By the end of the excavations, the team had recovered, assessed, and reburied the remains of at least 8791 individuals, 1500 of whom were analysed in the on-site laboratory, with a proportion sampled for ancient DNA and isotopes.
Since the end of the excavations, we have been analysing the findings to understand the lives of Hull's residents between 1785 and 1861. The stories we uncovered include possible female boxers, evidence of surgical amputation, evidence of body snatching and anatomisation, and the remains of probable victims of a shipping disaster. You can read more about the people and their personal possessions here
Colleagues and experts at Archaeology at Durham University and The Francis Crick Institute continue to carry out new research on the evidence from Trinity Burial Ground, always uncovering exciting new details about the past of Kingston upon Hull.
Rediscovering the Tower of London
Over the decades, OA has had the immense privilege to work on some unique and iconic locations that include some Historic Royal Palaces.
This #OAat50 highlight is about one of these locations that is famous all over the world and has become synonymous with London and the UK: the Tower of London. This was a real "pinch-me" project for the archaeologists involved.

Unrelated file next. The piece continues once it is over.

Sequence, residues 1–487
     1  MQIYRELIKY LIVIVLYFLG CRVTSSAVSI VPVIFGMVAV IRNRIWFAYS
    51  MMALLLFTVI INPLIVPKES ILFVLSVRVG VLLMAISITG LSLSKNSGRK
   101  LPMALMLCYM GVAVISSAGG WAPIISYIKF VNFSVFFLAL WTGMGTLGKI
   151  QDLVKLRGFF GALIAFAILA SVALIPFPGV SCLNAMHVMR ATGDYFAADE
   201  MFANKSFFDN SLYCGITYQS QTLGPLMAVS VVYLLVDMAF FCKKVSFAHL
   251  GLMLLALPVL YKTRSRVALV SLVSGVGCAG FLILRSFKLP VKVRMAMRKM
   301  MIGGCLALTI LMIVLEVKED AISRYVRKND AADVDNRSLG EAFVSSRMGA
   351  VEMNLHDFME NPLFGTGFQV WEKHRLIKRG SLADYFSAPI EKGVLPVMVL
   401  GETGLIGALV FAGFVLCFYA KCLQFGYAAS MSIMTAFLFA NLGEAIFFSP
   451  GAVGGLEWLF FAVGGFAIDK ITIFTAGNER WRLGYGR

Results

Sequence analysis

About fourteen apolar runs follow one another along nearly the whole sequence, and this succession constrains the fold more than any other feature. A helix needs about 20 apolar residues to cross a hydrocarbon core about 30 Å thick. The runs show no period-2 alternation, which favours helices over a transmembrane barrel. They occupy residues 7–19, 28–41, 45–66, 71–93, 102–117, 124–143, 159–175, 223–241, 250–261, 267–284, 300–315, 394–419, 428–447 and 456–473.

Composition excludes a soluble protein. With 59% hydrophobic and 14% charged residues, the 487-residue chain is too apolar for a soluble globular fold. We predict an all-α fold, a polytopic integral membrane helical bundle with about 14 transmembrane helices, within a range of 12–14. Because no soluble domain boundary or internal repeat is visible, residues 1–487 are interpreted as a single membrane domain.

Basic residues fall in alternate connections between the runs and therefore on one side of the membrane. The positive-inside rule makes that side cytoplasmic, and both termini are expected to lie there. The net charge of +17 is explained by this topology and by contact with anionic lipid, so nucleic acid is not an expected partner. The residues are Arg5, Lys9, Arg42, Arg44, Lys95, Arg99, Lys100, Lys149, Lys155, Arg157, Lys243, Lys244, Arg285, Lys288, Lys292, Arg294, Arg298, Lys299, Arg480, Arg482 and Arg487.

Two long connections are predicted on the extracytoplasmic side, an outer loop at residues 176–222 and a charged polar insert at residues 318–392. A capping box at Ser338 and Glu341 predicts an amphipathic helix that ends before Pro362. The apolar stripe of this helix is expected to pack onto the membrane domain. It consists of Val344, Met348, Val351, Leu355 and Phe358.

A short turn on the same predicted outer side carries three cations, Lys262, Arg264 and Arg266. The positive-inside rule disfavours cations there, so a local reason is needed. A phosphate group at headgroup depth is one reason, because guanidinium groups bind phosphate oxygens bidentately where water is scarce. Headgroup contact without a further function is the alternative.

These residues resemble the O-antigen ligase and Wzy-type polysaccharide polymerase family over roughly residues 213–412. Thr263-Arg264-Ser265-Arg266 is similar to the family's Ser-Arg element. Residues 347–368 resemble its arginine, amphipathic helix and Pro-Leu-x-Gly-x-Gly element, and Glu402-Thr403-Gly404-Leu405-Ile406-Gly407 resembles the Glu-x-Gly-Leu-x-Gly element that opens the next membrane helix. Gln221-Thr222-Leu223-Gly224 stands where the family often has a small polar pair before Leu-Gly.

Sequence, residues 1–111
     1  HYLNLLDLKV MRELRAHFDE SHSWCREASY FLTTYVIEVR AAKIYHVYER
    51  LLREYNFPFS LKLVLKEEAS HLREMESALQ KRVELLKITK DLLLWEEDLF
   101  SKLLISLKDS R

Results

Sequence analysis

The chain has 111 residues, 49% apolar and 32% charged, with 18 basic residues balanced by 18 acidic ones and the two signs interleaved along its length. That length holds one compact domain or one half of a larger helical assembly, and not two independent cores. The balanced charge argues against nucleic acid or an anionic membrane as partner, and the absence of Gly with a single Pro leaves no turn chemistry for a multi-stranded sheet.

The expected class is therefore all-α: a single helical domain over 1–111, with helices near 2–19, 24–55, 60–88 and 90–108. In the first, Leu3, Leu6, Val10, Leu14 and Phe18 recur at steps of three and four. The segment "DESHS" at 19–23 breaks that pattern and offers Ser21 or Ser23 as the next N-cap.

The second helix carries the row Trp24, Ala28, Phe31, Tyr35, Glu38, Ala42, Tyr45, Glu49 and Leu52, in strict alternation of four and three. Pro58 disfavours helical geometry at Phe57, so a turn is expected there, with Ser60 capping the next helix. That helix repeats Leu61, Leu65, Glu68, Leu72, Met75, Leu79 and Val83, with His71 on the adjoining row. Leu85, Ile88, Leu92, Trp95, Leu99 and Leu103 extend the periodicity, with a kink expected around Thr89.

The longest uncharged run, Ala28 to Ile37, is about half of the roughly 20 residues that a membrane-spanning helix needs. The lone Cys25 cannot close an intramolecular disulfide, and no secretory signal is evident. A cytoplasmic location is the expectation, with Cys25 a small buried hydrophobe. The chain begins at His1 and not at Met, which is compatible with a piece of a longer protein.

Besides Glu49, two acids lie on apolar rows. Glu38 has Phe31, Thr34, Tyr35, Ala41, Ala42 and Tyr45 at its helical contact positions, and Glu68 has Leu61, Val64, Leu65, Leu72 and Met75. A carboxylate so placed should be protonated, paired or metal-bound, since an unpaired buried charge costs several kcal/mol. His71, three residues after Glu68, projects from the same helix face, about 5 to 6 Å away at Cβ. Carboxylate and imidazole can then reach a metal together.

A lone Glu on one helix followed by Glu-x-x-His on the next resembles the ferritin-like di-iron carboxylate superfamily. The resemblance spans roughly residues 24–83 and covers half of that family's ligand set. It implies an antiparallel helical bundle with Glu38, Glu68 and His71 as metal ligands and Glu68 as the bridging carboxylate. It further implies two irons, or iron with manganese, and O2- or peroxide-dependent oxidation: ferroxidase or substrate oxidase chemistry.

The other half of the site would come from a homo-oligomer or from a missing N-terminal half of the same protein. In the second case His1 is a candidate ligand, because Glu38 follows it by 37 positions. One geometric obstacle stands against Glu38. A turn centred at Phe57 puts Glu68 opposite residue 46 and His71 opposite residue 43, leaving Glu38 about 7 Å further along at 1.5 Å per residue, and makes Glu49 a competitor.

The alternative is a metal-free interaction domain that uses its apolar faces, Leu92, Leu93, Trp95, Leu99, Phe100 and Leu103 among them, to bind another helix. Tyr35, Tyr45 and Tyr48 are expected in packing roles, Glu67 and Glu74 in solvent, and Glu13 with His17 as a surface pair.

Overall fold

The Tower of London was among the first castles built on the orders of William the Conqueror after he defeated the Anglo-Saxon king Harold Godwinson at Hastings in 1066. In its very long history, the Tower underwent several modifications and expansion to suit changing uses. In much more recent times, works were undertaken at different times to update the Tower, its services, and infrastructure, as well as for restoration purposes.
In the early 1990s OA entered into a framework agreement with the Royal household and Historic Royal Palaces to supply heritage services. Early archaeology works under the agreement included monitoring of trenches for a new ring main in the Tower of London which revealed the line of the City’s Roman wall below one of the curtain wall towers.
Even more exciting was an investigation into the Tower moat. The moat had been infilled in the mid-19th century and the possibility of re-establishing it was under consideration. The trenching works provided fabulous results; mapping the foundations of the North Bastion (a forward defence, destroyed by bombing in the second world war) clarifying that the moat had partially been filled with the demolition of the Grand Storehouse (the accidental burning down of the Grand Storehouse may have contributed to the decision to infill the moat with handy demolition material).
Most impressively, thanks to this work, we were able to discover a previously unknown, partially built and collapsed former bridge that led to the Tower's entrance from the west, significantly adding to the understanding and history of this amazing World Heritage Site.
To this day, OA continues to carry out exciting work at the Tower, Historic Palaces and Royal Households.